“Even meals were very stressful because there were a lot of rules that you had to follow,” he explains. If the cadets were eating anything served in slices, for example, they were not allowed to “break the wheel,” by taking a slice that wasn’t the next one. They could not pass the salt without also passing the pepper. They could only have one hand above the table at any time. New cadets were even prohibited from looking up at the ceiling, a rule upperclassmen often tried to trick them into breaking by asking what color the ceiling was.
He also discovered a pervasive need for distinction. Because West Point was, and continues to be, a highly selective school, its cadets were by definition the best of the best: valedictorians, star athletes and leaders of student organizations. Put people with that kind of resume in the same place, Joe explains, and it become much harder for anyone to distinguish themselves. In short order, almost every activity began to feel like a competition. “I looked at everything an opportunity to look bad,” he explains. “It was easy to screw up and let your squad down.”
“If I started to say anything I was going to cry.”
Joe had also forfeited having a summer when he traveled to upstate New York to have his head shaved and begin three “horrible” months of Officer Basic Training. And during the first weeks of training, he was not allowed to call home. For the first time in his life, he was isolated from his entire family.
“When they finally let us make a phone call, I couldn’t do anything except start to cry so I stifled myself, because if I started to say anything I was going to cry,” he explains. Surrounded by upperclassmen and superior cadets, the last thing Joe wanted was for them to see him crying. “They would have never let me live it down. So I just kind of whimpered and my mother knew it was me and she talked to me.”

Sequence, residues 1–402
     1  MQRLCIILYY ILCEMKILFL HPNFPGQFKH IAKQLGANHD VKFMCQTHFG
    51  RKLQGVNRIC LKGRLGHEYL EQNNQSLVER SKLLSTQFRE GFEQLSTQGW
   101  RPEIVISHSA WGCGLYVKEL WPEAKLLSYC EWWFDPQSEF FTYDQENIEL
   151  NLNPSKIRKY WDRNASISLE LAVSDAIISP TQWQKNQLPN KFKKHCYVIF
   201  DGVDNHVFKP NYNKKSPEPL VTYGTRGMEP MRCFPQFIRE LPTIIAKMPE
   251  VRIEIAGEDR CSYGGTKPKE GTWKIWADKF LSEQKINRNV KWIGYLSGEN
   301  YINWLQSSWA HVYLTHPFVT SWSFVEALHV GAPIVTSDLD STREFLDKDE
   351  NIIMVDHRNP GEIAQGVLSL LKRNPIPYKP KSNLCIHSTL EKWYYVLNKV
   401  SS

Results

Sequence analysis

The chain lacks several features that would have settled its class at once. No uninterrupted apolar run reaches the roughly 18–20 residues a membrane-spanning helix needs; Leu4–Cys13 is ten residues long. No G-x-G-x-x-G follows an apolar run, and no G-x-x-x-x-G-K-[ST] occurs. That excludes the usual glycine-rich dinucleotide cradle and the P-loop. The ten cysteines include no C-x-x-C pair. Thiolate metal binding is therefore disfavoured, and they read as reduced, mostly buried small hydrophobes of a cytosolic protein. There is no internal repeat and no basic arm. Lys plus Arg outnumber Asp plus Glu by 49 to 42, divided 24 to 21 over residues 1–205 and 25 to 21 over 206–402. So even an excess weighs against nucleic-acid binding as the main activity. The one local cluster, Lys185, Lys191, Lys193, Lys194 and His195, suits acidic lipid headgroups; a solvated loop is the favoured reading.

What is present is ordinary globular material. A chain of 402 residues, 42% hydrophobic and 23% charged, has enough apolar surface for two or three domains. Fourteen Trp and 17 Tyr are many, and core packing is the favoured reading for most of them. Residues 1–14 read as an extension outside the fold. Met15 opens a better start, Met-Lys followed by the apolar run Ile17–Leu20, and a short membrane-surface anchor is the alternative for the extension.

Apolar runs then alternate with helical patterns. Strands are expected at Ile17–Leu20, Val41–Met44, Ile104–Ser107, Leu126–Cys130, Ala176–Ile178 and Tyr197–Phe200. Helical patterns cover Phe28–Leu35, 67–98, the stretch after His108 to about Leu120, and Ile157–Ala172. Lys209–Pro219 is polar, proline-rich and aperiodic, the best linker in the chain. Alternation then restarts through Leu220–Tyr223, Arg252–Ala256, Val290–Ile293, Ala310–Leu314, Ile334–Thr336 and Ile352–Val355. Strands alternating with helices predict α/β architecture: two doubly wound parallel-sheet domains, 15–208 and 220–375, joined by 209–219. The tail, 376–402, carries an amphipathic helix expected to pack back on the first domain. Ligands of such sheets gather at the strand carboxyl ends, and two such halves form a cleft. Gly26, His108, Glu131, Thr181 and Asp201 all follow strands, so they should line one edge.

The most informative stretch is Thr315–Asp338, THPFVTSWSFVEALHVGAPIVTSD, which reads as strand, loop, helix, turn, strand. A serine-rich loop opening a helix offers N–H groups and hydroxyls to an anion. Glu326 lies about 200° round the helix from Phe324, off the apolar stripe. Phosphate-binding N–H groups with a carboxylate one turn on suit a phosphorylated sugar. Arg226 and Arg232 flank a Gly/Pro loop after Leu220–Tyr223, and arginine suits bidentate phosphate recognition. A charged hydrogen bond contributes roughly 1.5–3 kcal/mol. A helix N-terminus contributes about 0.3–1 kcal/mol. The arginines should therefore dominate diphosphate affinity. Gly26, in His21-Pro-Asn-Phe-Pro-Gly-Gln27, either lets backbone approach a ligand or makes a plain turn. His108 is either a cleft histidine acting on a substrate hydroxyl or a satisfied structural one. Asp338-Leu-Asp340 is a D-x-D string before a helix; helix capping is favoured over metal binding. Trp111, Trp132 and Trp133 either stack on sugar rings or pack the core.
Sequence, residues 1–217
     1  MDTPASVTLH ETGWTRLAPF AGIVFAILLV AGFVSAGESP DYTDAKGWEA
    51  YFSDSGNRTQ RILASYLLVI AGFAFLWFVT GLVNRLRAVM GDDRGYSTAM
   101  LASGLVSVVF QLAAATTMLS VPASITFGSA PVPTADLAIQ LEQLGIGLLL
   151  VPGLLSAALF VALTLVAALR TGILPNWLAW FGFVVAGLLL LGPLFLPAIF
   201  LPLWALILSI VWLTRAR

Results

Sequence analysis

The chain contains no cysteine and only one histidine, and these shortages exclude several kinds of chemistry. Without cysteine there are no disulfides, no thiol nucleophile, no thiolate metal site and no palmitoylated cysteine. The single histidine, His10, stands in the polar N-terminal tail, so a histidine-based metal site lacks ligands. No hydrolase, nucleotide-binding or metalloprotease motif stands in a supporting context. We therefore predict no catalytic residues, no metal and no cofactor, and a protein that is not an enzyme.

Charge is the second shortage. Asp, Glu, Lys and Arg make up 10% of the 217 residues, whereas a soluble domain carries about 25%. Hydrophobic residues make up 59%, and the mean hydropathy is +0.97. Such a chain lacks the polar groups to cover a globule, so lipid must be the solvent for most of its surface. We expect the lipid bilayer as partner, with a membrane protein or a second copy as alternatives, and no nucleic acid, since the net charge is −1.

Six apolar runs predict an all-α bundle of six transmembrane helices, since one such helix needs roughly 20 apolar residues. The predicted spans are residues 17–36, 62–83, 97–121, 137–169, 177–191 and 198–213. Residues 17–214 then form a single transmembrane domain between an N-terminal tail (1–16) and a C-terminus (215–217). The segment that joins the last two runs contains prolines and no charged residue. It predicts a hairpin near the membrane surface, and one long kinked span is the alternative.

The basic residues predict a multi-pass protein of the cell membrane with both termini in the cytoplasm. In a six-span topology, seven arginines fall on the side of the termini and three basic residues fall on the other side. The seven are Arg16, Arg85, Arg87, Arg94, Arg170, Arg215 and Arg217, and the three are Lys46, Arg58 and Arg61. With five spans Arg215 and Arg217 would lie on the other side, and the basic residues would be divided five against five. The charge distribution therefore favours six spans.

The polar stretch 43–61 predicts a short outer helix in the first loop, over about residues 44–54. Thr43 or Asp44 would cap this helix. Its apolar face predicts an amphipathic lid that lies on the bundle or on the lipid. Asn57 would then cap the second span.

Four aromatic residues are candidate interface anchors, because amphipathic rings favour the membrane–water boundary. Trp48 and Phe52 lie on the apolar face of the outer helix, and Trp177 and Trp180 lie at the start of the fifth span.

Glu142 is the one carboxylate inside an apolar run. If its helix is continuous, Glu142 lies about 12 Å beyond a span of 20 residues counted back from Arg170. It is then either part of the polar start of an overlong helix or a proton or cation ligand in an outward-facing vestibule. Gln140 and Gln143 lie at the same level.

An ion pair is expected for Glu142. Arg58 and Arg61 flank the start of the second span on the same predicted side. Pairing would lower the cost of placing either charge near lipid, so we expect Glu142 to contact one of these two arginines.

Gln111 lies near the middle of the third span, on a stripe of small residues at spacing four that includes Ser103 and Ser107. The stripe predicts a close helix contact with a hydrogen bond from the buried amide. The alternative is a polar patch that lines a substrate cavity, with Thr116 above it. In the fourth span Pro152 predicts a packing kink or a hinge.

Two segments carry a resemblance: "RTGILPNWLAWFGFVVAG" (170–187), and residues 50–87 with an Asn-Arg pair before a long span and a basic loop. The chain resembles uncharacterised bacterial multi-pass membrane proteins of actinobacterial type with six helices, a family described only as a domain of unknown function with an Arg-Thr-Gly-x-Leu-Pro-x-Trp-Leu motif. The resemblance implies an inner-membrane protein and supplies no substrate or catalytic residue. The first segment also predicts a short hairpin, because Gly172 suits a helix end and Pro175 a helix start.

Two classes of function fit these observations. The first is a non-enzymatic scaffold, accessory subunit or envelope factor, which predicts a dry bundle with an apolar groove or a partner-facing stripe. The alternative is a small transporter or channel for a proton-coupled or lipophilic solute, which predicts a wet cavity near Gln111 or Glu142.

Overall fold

Months into his first year, Joe discovered that the academy had an unofficial slogan to encapsulate that feeling: “High School Hero, West Point Zero.”
In his hometown of Taunton, Joe’s family and community had a different take; they were enormously proud to know someone who had been accepted into West Point. And perhaps no one was more proud of Joe than his twin sister Mary Ellen. Like Joe, Mary Ellen had never expressed any interest in enlisting. But that changed when Joe was accepted into West Point.
Whenever they were able to speak, she was ravenous for details about the academy and life in the military. “From what my mother told me, she was just amazed and so impressed and proud that I was accepted,” Joe explains. “The year I was gone, she would tell everyone she knew that oh my brother is at West Point and, later, when she went to the National Guard, she made a big deal out of it.”